The second time I lived in Canada I remember a period when I felt isolated from the outside world. I was far from my family, yet I had my new friends close-by.
But for some reason, I just couldn’t settle.
It was in this period that I discovered Hubert Selby Jr, and ultimately, Requiem for a Dream.
I bring this point up to emphasise the impact this book had on me, as well as the themes that it presents of isolation and fear.
Brooklyn, Coney Island, Sara Goldfarb aims to lose weight to get herself onto her favourite television program. In the process, her addiction begins. Meanwhile, her son Harry, his girlfriend Marion, and best friend Tyrone have thought up a plan to shortcut wealth. During their planning, they score themselves a pound of uncut heroin.
All four main characters believe their lustrous visions will come true, despite each one’s unanticipated setbacks. Their lives gradually deteriorate as they hold onto their dreams, becoming consumed by their own addictions; creating their own worst nightmares in the process.
Hubert Selby Jr.
At the age of 15, Selby finished school and later, joined the merchant seaman in 1947. It was here that he was diagnosed with TB (Tuberculosis), and was sent home from service. He spent the subsequent three and a half years in and out of the hospital.
An experimental drug treatment, known as streptomycin, was given to him but later caused severe difficulties. It led Selby to chronic pulmonary problems, which lasted the rest of his life. He was also given painkillers, including morphine, due to the severity of the surgery. This leads him to become addicted, something that he struggled with for most of his adult life.
In usual Selby style, the grammar throughout the book is little to none existent.
This style is often described as a raw language, as well as bleak and violent.
An unorthodox technique was developed, one that was used throughout the majority of his work. Paragraphs had alternating lengths, sometimes dropping down a line when finished. It’s written as a stream-of-consciousness, keeping a frenetic pace throughout. Apostrophise were replaced with ‘/’ as they were closer on the typewriter, for fear of breaking his flow when writing. Quotation marks were also missing from his work, presenting dialogue in one continuous torrent. This gave it all a rather distinct blunt feeling.
Requiem for a Dream runs through a couple of issues, but none more evident than drug addiction. As mentioned above, this is something that Hubert Selby himself suffered with, so in a sense, this makes him prime to talk about the topic.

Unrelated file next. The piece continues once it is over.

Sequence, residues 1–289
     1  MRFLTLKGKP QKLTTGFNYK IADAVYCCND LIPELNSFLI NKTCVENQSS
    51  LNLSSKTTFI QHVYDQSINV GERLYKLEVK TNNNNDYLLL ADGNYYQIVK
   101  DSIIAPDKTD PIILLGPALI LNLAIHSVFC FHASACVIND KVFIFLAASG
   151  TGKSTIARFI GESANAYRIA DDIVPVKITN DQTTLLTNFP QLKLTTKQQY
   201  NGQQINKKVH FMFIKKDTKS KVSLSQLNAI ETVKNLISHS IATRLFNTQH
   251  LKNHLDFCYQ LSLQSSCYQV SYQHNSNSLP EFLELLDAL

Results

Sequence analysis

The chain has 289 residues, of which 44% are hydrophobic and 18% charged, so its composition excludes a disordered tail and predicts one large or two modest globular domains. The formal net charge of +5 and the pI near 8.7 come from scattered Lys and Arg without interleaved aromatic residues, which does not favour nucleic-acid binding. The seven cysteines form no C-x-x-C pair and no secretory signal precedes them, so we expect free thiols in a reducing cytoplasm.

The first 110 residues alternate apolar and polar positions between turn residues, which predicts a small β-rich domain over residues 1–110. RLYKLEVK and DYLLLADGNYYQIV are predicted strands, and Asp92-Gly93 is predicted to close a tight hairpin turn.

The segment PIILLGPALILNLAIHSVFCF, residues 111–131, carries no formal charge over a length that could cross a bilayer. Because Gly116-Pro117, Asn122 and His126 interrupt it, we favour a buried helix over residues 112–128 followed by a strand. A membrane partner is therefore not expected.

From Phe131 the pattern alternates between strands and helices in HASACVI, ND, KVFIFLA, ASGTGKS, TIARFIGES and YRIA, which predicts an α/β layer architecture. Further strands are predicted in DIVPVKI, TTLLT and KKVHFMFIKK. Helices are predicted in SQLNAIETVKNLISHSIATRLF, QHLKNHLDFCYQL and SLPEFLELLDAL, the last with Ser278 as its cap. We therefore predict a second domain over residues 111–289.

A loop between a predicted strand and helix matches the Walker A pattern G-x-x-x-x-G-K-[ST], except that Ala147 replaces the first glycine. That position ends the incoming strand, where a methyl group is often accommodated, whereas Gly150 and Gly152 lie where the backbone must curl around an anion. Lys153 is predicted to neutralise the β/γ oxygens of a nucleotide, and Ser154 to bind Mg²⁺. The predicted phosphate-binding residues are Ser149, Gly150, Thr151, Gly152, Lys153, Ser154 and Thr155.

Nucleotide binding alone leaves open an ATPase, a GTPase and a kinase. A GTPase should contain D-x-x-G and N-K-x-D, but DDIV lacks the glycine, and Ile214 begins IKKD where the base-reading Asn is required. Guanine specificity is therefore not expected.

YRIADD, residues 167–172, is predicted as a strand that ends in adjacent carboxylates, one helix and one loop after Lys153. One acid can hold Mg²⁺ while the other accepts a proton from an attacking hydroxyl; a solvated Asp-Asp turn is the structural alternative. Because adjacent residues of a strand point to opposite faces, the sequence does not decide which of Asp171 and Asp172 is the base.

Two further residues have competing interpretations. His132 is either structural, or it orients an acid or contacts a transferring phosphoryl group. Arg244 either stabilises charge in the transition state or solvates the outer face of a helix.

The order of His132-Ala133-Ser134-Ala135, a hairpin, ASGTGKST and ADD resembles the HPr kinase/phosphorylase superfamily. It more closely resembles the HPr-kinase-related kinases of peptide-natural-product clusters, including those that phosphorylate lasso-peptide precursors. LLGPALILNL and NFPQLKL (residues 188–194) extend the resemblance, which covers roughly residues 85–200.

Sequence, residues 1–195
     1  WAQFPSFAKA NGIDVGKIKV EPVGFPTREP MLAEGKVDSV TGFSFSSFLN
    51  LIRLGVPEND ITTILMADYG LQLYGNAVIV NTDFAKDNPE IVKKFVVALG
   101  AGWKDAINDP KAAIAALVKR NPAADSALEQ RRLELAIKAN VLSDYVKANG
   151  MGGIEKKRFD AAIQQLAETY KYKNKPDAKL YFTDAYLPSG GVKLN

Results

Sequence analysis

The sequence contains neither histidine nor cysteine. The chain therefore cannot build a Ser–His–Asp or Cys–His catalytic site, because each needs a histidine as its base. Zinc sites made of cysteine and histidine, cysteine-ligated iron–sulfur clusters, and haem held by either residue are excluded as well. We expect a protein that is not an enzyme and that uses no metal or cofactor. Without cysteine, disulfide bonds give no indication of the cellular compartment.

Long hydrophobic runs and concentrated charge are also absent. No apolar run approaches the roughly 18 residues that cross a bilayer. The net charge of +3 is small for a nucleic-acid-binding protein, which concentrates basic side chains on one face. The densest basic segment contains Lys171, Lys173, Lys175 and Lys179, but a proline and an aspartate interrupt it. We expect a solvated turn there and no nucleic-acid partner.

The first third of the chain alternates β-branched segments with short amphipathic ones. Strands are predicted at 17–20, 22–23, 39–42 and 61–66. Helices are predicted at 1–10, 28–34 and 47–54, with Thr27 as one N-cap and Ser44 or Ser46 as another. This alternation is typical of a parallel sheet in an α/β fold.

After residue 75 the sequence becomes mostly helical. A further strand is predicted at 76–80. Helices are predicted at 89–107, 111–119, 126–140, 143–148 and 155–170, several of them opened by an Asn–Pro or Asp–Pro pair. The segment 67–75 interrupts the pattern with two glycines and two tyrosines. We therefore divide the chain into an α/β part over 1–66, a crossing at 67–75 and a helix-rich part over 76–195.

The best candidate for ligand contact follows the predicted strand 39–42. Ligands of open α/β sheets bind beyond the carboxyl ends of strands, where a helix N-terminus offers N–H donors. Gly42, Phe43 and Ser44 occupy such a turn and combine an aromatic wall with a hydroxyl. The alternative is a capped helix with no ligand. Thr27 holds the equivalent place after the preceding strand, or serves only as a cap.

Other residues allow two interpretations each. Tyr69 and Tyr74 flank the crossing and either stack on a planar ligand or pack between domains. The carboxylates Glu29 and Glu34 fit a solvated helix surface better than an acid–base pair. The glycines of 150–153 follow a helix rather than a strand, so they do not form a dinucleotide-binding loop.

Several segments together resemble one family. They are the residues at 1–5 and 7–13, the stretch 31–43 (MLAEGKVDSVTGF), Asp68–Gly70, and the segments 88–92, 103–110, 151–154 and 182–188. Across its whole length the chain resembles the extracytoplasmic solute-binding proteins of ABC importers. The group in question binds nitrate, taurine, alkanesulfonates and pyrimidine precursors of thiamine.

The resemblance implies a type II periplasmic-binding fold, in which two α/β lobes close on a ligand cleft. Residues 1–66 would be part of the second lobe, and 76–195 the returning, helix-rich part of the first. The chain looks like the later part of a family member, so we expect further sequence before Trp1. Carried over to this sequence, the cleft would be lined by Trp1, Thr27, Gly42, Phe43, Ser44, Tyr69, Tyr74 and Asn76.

Centring on a get rich scheme of selling heroin to users within the neighbourhood, Harry and Tyrone soon become their own best customers. From dabbling in a little here and there, too it becoming a necessity to function in society. This quickly consumes their relationships as well as drawing in any and all deceitful types.
Isolation is another key part of the book. This is represented by Harry’s Mum, Sara.
From feeling downtrodden from her own son’s behaviour, she believes that one day she will be picked to be on TV. But an obsessive watching of TV is only the beginning.
To prepare for such an occasion, she decides to try on her favourite red dress, except at this point it no longer fits. As this is her favourite, she decides to order some diet pills that are advertised during an infomercial.
As with the other pair, this leads her into a downward spiral of paranoid behaviour. The diet pills become more and more excessive, leading to schizophrenic tendencies.
Requiem for a Dream is a bleak book, one of the most disheartening. As we all know, no good can come of long-term drug use, especially when the drugs in question include heroin.
From the beginning, where Harry steals his Mother’s television to gain a little money for dope, you know the type of ride you’re in for. There are no moments of let up, respite or recovery. This book is a full onslaught of your senses, opening up some of our greatest fears; chasing our dream and failing.
As with a Philip Roth book, there’s a lot of
Jewish stereotypes. Sara, the Jewish mother, her Yenta friends, Tyrone the stereotypical black guy, the racist southerner etc. The cases to are extreme, but that’s all part of this books charm.
Consider Requiem for a Dream less of a subtle understanding of drug addiction and more of a brick-to-the-face.
You’ve been warned!